(CNN)As Donald Trump openly toys with the possibility of firing deputy Attorney General Rod Rosenstein or special counsel Robert Mueller (or both), the New York Times editorial board has published a striking and strident piece warning Republicans that the time is now or never to speak out against the sitting president.
The New York Times editorial board just drew a line in the sand for Republicans on Russia
Here's the key bit:
"Make no mistake: If Mr. Trump takes such drastic action, he will be striking at the foundation of the American government, attempting to set a precedent that a president, alone among American citizens, is above the law. What can seem now like a political sideshow will instantly become a constitutional crisis, and history will come calling for Mr. [Orrin] Hatch and his colleagues."
The Times editorial makes the case that while people like Hatch, a Republican senator from Utah, as well as Republican Sens. Lindsey Graham of South Carolina and Chuck Grassley of Iowa, have spoken out about the consequences for Trump of firing either Rosenstein or Mueller, the broader Republican party has been largely silent.
"More Republicans need to make it clear that they won't tolerate any action against either man, and that firing Mr. Mueller would be, as Senator Charles Grassley said, 'suicide,'" says the Times op-ed.
The reason for that (relative) silence is simple: Republicans have zero interest in pissing off Trump (and his loyal base) for a hypothetical question about what they would do if he did fire either the special counsel or the guy who appointed the special counsel. Why engage about something that a) hasn't happened and b) may never happen? Cross that bridge when you come to it -- and all that.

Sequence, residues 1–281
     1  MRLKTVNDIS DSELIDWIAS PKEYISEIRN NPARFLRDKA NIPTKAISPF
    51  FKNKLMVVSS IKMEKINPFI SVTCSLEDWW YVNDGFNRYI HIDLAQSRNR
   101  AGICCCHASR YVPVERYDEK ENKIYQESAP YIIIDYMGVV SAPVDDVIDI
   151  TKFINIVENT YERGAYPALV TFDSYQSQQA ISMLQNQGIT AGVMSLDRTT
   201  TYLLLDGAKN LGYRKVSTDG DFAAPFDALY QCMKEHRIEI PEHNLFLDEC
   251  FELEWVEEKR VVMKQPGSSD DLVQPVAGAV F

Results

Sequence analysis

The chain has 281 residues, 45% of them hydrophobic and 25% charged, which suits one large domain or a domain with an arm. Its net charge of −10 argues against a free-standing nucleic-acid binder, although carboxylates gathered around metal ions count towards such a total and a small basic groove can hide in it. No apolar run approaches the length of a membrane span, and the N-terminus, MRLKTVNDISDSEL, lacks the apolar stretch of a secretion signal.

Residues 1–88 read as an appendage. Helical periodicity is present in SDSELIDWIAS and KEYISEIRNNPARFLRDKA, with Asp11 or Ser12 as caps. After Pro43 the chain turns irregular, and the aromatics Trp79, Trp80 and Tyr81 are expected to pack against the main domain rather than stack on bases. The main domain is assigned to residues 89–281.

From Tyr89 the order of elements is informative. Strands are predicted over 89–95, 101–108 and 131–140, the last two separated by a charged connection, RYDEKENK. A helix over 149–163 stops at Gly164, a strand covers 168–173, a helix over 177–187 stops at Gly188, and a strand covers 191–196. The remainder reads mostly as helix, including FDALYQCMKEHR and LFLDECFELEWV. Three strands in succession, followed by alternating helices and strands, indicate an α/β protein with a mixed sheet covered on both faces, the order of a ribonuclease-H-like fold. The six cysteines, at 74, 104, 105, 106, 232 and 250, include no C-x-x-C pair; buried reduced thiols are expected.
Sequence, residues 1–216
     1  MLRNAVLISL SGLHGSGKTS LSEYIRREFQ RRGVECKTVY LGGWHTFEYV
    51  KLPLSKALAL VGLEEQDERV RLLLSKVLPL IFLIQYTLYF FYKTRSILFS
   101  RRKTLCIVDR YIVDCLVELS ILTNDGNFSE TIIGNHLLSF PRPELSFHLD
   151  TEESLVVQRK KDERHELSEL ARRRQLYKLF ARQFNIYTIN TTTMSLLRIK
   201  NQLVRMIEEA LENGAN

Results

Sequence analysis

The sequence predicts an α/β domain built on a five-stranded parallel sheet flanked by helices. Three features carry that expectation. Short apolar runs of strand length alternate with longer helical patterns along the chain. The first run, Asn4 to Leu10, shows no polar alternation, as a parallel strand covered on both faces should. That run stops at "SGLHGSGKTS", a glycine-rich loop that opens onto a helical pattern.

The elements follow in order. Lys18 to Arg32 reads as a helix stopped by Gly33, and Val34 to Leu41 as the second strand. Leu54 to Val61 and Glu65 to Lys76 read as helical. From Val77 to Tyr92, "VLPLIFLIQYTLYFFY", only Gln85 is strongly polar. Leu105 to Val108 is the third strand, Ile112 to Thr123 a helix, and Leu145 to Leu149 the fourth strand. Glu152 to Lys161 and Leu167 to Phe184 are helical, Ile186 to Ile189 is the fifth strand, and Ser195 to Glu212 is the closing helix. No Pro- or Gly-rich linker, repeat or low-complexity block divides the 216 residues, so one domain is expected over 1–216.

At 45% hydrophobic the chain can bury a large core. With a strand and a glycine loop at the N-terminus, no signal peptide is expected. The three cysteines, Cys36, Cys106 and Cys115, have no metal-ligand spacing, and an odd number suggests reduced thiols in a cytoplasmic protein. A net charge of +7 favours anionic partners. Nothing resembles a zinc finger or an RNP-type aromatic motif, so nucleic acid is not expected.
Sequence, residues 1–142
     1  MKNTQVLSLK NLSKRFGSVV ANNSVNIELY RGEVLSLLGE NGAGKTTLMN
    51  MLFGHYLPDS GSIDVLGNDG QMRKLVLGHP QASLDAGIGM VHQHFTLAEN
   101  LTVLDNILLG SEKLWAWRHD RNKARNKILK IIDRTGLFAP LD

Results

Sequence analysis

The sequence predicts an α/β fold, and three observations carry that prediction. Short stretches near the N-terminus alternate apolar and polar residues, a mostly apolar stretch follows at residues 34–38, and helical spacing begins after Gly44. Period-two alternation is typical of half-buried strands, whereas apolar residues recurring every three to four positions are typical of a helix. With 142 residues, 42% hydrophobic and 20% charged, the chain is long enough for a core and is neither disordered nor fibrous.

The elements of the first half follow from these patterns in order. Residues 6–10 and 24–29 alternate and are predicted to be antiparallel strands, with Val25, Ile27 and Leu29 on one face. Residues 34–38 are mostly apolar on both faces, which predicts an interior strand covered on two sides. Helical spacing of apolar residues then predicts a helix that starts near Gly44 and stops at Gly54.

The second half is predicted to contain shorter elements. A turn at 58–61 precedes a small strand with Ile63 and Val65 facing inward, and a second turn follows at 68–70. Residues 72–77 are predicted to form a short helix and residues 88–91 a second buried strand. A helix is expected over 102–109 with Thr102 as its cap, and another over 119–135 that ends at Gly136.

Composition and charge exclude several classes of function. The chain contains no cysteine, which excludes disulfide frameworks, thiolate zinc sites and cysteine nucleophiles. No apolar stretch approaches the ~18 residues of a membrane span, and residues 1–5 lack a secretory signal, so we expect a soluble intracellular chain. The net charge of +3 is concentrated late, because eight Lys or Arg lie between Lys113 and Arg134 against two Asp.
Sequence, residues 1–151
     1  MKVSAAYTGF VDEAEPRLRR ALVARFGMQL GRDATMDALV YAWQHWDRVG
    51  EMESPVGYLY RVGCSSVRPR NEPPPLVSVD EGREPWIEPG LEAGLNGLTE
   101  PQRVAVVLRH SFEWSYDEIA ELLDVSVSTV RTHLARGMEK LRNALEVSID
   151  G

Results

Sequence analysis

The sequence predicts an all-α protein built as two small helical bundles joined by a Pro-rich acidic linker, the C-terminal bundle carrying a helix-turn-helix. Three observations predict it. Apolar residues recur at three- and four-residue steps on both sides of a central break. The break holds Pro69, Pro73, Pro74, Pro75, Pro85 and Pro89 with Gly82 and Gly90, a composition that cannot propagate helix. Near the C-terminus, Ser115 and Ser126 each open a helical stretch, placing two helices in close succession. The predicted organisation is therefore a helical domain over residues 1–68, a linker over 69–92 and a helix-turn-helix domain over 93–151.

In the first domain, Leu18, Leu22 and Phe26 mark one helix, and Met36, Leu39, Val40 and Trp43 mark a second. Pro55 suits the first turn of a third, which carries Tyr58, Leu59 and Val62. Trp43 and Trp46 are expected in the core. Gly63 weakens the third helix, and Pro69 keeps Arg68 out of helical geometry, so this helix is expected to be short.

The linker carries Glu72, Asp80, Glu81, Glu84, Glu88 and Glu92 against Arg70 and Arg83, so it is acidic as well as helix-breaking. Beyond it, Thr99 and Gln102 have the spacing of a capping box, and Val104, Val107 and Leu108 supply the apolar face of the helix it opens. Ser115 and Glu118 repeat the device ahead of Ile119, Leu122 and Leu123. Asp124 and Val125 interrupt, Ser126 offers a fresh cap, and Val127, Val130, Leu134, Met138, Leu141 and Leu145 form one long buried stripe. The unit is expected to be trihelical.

The Times op-ed makes clear that sort of political maneuvering isn't good enough when you are talking about stakes as high as these. And, the piece devastatingly reminds us of just how many Republican members of Congress took shots at Trump -- "malignant clown," "national disgrace," "complete idiot," "a sociopath, without a conscience or feelings of guilt, shame or remorse" -- before he was the party's presidential nominee.
Two somewhat contradictory things occur to me about this piece:
1. When the Times editorial board goes this big on a subject, it's going to get lots and lots of attention. Cable news will talk about it relentlessly. It will fuel discussions among partisans -- and among not-so-partisans -- for weeks and maybe months to come.
2. The piece will provide Trump with further fodder for his attacks on the "failing" Times and the media more generally -- attacks that his base will eat up. Trump will use the op-ed as evidence that the Times doesn't want him to be president and is urging people within his own party to get rid of him. (Worth noting: The Times editorial board is totally and completely distinct from the Times' reporters who cover Trump. My guess is the President and his allies won't note that distinction.)
Why do it then? No matter what you think of the Times, it's hard to imagine that they didn't know that this op-ed would draw an intensely negative reaction from Trump and his backers. And that it wouldn't change many minds -- on either side of the Trump equation.
To my mind, the op-ed is rightly read as a line in the sand. It's making clear that GOP members of Congress can't look back if/when Trump fires Rosenstein or Mueller and say they didn't see it coming or don't know what they should next. The Times is saying, essentially this: We are living in a historic and critical moment. What you do now -- and in the coming months -- matters. And the decisions you make will have long-lasting consequences. So don't just play politics with it.
The closing paragraph of the Times' editorial lays these stakes out plainly. It reads:
"The president is not a king but a citizen, deserving of the presumption of innocence and other protections, yet also vulnerable to lawful scrutiny. We hope Mr. Trump recognizes this. If he doesn't, how Republican lawmakers respond will shape the future not only of this presidency and of one of the country's great political parties, but of the American experiment itself."
It doesn't get much bigger than that.